* Do our teens consider spirituality in deciding whom to date and whom to marry?

Then ask whether the same questions regarding the adults. If the answers aren’t good, think about a plan for changing not just the teens but the entire congregation — adults and teens together. You see, this is really big stuff.

Now, what to do next depends on the answers. Maybe the adult ed program and preaching need to focus on missional living and being a faithful presence of Jesus in the world. I don’t know.

If the adults are already active in ministry to the community, try to find ways for the teens to participate.

If the teens already have some good programs, look for ways to expand them to include the adults — not just the parents. If the teens go to paint houses in Memphis each summer, either take the adults, too — or better yet, plan your own house painting program in your home town with the adults in the lead, helped by the teens.

Now for younger children, I’m at something of a loss. I’ve never been good at children’s programs. My wife is the pro, and I’m clueless. And she’s out of town for a week. But I have one idea.

When missionaries come stateside to visit their supporting congregations, have them visit with the children and teens. Have a Q&A session where the kids can learn about what it’s like in Brazil or Kenya. Show pictures. Bring the children into the story of the missionaries.

Have the missionaries talk about how they decided to become missionaries, about how happy they are, how it affects their children. Make your children feel significant — and give them real spiritual heroes to emulate.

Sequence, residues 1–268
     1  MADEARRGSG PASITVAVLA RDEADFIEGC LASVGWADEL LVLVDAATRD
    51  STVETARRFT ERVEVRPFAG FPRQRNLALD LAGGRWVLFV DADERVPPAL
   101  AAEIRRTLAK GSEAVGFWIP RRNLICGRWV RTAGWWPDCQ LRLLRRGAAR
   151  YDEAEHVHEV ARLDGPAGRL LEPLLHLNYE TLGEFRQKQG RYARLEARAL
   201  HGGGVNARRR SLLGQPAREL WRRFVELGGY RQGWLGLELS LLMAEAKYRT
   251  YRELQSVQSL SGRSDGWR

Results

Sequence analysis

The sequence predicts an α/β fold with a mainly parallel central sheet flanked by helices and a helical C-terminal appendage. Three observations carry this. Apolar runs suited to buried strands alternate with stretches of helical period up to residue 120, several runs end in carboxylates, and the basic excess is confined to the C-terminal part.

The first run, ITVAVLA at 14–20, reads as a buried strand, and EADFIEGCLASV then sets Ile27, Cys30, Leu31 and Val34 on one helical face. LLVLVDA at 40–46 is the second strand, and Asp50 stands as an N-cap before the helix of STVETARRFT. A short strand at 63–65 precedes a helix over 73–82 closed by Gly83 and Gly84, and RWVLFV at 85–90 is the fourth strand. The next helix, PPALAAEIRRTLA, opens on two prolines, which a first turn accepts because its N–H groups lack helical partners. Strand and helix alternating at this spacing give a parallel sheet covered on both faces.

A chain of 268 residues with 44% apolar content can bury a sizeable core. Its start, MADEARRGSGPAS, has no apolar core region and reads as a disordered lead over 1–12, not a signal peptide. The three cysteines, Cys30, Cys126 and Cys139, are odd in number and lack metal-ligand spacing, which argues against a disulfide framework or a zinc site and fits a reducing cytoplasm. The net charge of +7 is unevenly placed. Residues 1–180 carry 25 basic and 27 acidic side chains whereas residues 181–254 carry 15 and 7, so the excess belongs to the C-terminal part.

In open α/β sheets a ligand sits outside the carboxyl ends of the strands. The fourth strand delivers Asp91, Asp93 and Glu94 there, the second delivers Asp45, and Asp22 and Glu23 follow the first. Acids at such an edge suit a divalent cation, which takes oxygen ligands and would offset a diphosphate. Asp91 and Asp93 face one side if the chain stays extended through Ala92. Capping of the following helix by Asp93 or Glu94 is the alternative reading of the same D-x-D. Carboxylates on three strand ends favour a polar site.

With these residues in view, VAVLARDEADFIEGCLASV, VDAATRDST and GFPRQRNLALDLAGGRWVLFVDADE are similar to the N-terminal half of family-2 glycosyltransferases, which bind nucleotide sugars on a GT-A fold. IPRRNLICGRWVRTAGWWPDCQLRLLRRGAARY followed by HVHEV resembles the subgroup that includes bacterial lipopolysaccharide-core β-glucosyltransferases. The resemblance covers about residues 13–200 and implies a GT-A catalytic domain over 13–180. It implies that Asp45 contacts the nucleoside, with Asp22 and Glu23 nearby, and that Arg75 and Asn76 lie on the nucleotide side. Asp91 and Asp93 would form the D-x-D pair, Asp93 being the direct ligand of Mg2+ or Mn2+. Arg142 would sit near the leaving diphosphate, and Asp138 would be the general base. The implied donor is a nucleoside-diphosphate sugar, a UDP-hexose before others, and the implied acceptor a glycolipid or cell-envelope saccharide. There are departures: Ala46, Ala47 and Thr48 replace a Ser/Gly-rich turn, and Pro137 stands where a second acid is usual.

My youth minister one summer was a missionary to Brazil, and we talked about all that stuff. I didn’t go into missions, but I’ve had a heart for it ever since.

Then maybe you invite the leaders of other adult ministries — the inner city work, the disaster relief program — to talk to the kids, to tell stories, to explain why they do it, and to show pictures. These are the kinds of things that dramatically impact children, I think.

Finally, insist that the parents of your kids — the ones who attend church — be active in church in areas where the kids can see their parents (fathers especially) active in God’s kingdom. Teach them these principles —

* Kids follow examples not words.

* The father’s level of involvement is a huge predictor of the future spirituality of the children — especially boys but not just boys.

* “Involvement” means involvement entailing significant commitment. Passing the Lord’s Supper or saying the “main prayer” does not count. Cutting the grass for free counts some, but taking a kid with you to Mexico to dig a well counts even more. Decide what kind of Christian you want your children to be and be that kind of Christian — and let them see it in you.

About Jay F Guin

My name is Jay Guin, and I’m a retired elder. I wrote The Holy Spirit and Revolutionary Grace about 18 years ago. I’ve spoken at the Pepperdine, Lipscomb, ACU, Harding, and Tulsa lectureships and at ElderLink. My wife’s name is Denise, and I have four sons, Chris, Jonathan, Tyler, and Philip. I have two grandchildren. And I practice law.